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Agent Orange linked to increased risk of skin cancer

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Vietnam War veterans exposed to Agent Orange at higher risk for non-melanotic invasive skin cancer

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A new report adds to past evidence that risk of non-melanotic invasive skin cancer (NMISC) is increased even four decades after Agent Orange exposure, with at least some exposed veterans having unusually aggressive non-melanoma skin cancers.

Agent Orange is the code name for an herbicide and jungle defoliant developed by the United States military during the Vietnam War. It has been linked to a wide range of cancers and other diseases, caused by the highly toxic dioxin contaminant TCDD.

As of 2009, there were 485,760 Vietnam veterans with documented Agent Orange exposure registered with the U.S. Department of Veterans Affairs, and many of these veterans reported significant health problems,

According to Dr. Mark W. Clemens, M.D, Assistant Professor of Plastic Surgery at The University of Texas MD Anderson Cancer Center,” TCDD is among the most carcinogenic compounds ever to undergo widespread use in the environment”

Dr. Clemens and colleagues set out to determine if prior exposure to TCDD was associated with an increased incidence of nonmelanotic invasive skin cancer.

The researchers reviewed the medical records of 100 consecutive male patients with Fitzpatrick skin types I through IV who enrolled in the Agent Orange registry at the Veterans Affairs Hospital of Washington, D.C., between August of 2009 and January of 2010.

The patients average age was 65.7 years (range, 56 to 80 years). TCDD exposure included living or working in contaminated areas (56 percent), actively spraying it (30 percent), or traveling in contaminated areas (14 percent).

Among the patients 51% had nonmelanotic invasive skin cancer, about twice as high as the rate expected in men of similar age group. The risk of skin cancer increased to 73% for veterans who actively sprayed Agent Orange. Exposed men with the lightest skin types and those with lighter eyes were also at higher risk.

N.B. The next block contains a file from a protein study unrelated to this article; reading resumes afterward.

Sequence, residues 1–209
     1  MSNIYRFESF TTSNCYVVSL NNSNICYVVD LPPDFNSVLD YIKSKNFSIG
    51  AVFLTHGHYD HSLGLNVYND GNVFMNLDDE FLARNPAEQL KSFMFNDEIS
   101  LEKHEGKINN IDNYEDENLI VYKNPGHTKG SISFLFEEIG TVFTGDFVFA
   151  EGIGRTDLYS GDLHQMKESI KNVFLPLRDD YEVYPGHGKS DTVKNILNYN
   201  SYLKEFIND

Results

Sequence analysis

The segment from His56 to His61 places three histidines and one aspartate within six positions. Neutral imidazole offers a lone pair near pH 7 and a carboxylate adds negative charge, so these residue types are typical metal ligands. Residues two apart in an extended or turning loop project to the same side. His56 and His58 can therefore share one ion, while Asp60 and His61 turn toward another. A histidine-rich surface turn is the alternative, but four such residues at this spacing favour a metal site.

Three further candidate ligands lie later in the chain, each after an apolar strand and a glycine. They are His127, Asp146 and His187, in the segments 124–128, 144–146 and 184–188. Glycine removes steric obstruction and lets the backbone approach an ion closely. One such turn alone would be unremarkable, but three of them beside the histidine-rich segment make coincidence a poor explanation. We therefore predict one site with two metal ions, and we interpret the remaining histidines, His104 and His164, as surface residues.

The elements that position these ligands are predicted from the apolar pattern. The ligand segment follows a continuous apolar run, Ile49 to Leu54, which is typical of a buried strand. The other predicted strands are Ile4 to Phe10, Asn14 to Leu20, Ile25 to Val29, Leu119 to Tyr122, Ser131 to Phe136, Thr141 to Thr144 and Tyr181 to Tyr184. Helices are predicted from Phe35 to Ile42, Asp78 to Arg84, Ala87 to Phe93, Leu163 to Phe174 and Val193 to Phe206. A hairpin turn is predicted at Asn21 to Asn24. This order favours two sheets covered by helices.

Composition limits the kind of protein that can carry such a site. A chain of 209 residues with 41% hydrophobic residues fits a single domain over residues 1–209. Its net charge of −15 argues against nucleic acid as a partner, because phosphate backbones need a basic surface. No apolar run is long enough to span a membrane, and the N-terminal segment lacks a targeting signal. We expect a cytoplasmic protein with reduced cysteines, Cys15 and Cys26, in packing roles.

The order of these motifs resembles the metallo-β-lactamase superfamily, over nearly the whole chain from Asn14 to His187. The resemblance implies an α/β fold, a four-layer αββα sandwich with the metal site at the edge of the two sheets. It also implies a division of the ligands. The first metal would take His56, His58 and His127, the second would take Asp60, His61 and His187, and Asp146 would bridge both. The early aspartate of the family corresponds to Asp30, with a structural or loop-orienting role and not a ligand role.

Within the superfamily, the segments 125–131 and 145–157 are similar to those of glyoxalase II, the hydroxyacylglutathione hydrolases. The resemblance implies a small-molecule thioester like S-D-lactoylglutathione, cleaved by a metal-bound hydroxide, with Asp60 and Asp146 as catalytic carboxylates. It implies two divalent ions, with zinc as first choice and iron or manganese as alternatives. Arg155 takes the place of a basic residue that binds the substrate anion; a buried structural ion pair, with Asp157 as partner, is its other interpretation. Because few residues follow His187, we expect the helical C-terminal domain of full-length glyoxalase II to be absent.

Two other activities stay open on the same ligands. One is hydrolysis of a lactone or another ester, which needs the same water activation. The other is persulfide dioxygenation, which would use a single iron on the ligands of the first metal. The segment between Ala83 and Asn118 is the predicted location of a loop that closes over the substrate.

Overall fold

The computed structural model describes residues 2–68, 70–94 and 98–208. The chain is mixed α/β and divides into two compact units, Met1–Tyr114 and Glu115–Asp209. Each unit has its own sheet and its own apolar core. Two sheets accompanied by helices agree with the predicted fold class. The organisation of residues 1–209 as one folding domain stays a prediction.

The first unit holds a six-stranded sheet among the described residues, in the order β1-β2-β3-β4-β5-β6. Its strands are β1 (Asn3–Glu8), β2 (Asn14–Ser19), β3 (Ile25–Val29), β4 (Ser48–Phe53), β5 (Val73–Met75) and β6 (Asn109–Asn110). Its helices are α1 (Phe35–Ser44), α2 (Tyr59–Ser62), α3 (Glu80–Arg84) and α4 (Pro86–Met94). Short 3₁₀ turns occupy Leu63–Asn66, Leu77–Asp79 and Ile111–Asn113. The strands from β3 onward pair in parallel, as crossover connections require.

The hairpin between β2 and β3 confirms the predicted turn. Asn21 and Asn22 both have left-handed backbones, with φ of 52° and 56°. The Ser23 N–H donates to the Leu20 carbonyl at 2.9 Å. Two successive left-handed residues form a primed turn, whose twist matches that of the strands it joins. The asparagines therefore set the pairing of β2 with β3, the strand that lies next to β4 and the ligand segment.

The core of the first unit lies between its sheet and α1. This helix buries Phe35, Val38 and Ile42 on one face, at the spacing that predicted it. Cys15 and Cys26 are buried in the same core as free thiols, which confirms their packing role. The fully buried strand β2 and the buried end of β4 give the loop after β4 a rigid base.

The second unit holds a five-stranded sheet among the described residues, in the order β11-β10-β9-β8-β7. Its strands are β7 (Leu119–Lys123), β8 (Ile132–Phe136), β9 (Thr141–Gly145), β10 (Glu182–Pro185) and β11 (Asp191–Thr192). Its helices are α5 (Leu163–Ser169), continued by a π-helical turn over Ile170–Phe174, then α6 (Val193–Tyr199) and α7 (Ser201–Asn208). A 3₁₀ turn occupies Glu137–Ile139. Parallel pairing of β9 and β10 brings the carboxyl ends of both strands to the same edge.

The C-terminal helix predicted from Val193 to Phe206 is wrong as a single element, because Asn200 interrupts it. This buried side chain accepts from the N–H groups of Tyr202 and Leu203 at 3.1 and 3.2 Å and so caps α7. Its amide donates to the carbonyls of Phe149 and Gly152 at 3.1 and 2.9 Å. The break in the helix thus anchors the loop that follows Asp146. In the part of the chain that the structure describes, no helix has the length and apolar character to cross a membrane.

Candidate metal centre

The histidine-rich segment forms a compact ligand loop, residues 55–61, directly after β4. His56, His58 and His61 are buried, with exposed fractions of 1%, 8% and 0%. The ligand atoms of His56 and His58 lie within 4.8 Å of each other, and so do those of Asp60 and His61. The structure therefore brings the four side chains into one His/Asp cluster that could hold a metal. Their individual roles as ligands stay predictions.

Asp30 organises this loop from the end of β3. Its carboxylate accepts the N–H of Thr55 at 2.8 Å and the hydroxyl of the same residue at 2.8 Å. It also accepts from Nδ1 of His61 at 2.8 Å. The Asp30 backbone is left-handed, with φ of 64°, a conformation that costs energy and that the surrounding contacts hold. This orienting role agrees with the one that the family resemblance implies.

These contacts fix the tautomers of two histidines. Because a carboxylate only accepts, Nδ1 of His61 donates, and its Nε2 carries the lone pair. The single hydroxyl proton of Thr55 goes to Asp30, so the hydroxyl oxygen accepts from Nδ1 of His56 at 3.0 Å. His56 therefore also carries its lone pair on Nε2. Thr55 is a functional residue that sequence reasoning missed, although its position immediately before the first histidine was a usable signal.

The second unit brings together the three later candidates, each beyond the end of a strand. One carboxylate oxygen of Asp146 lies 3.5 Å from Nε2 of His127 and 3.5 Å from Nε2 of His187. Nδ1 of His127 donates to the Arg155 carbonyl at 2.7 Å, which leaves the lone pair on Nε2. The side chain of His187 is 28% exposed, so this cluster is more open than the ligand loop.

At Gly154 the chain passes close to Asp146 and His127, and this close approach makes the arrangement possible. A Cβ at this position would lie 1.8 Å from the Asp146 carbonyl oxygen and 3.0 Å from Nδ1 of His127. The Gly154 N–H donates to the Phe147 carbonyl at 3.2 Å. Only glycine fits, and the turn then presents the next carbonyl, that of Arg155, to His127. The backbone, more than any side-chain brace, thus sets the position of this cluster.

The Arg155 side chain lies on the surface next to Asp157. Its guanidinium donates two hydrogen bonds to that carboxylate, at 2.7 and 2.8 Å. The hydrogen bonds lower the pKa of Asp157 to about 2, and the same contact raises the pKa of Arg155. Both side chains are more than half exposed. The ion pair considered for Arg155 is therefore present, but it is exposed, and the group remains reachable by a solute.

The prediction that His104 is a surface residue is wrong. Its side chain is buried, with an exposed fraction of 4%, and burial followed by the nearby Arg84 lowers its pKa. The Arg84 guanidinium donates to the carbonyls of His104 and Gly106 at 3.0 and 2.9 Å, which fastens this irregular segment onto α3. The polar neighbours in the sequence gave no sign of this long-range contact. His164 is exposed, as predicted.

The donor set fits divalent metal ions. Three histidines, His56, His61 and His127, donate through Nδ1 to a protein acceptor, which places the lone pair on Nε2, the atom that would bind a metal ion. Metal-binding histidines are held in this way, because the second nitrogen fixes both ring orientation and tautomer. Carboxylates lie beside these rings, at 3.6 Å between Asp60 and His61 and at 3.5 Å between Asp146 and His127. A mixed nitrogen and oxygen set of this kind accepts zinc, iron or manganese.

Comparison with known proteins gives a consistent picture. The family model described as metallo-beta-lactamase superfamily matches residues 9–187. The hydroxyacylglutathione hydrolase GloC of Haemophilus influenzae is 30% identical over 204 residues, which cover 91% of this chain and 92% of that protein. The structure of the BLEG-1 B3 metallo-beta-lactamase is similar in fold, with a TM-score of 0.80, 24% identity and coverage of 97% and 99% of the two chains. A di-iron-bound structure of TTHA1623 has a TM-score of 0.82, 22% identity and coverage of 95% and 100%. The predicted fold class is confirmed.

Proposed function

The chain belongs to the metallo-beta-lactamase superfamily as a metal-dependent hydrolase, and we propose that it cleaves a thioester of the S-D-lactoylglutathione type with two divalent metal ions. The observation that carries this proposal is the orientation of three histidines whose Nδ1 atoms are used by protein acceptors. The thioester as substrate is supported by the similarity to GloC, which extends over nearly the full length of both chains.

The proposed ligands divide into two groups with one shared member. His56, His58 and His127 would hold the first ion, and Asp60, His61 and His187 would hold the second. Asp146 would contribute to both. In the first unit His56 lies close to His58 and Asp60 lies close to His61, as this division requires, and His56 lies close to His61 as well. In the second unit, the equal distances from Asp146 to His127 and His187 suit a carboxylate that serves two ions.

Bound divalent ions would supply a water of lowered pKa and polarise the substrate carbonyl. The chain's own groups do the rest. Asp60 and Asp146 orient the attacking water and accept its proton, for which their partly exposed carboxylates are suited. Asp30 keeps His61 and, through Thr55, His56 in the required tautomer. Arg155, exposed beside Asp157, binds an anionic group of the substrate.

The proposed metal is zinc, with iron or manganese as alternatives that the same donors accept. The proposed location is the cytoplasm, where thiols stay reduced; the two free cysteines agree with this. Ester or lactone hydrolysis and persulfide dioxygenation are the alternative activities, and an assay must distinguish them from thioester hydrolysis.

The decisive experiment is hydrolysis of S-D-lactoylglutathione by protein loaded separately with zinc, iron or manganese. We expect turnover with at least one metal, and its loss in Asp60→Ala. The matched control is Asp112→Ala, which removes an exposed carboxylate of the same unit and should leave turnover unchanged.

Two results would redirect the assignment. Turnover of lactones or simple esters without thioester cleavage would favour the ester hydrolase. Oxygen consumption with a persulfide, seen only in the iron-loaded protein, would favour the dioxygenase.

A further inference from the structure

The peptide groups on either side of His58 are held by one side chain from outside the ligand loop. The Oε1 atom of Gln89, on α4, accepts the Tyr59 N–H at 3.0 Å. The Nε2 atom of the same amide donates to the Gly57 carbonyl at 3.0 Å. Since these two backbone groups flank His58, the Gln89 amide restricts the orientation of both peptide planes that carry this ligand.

Forty-three percent of the veterans had chloracne, and 26 percent had other malignancies, such as prostate (14 percent), colon (3 percent), or bladder cancer (2 percent).

Exposure by means of active spraying (73 percent versus 67 percent; p = 0.003) and presence of chloracne (81 percent versus 28 percent; p < 0.001) were associated with increased nonmelanotic invasive skin cancer incidence rates.

Exposure to Agent Orange and TCDD has been linked to a wide range of health problems, including many different cancers. However, its association with the basal cell carcinoma and squamous cell carcinoma—the two most common types of skin cancer—has been unclear.

Cases of "aggressive and diffuse" non-melanoma skin cancers in TCDD-exposed veterans were first reported in plastic surgery journals in the mid-1980s. Dr. Clemens and colleagues initiated their study after observing similar patients in their clinic over the last few years. The researchers emphasize that their study has some important limitations—including the lack of detailed information on TCDD exposure and the absence of a comparison group of Vietnam-era veterans not exposed to Agent Orange.

Nevertheless, the results strengthen the previously reported association between TCDD exposure and the development of NMISC, even many years after exposure. Certain groups appear to be at particularly high risk, including veterans actively involved in spraying Agent Orange, those with chloracne, and those with lighter skin types.

Dr. Clemens and coauthors write, “This is the first time one has shown a link between Agent Orange and non-melanotic skin cancers. In addition to associated malignancies, service personnel with previous dioxin exposure need to be counseled on the cutaneous sequelae of dioxin exposure. Length and degree of exposure appear to be associated with the development of carcinomas. Frequent screenings (every six months) are essential for surveillance of these rapidly growing and invasive cancers. Further studies are warranted to determine a relative risk within this large patient population and to determine appropriate management strategies.”

This report appears in in the February issue of Plastic and Reconstructive Surgery®, the official medical journal of the American Society of Plastic Surgeons (ASPS).




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